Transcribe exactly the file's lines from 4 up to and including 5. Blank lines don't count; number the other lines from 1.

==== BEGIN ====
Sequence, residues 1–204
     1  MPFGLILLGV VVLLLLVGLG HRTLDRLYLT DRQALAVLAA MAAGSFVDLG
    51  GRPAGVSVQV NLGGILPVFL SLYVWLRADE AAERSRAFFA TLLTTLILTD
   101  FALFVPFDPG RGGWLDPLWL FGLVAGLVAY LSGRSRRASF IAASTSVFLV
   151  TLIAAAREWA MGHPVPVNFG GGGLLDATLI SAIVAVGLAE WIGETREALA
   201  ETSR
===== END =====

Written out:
   101  FALFVPFDPG RGGWLDPLWL FGLVAGLVAY LSGRSRRASF IAASTSVFLV
   151  TLIAAAREWA MGHPVPVNFG GGGLLDATLI SAIVAVGLAE WIGETREALA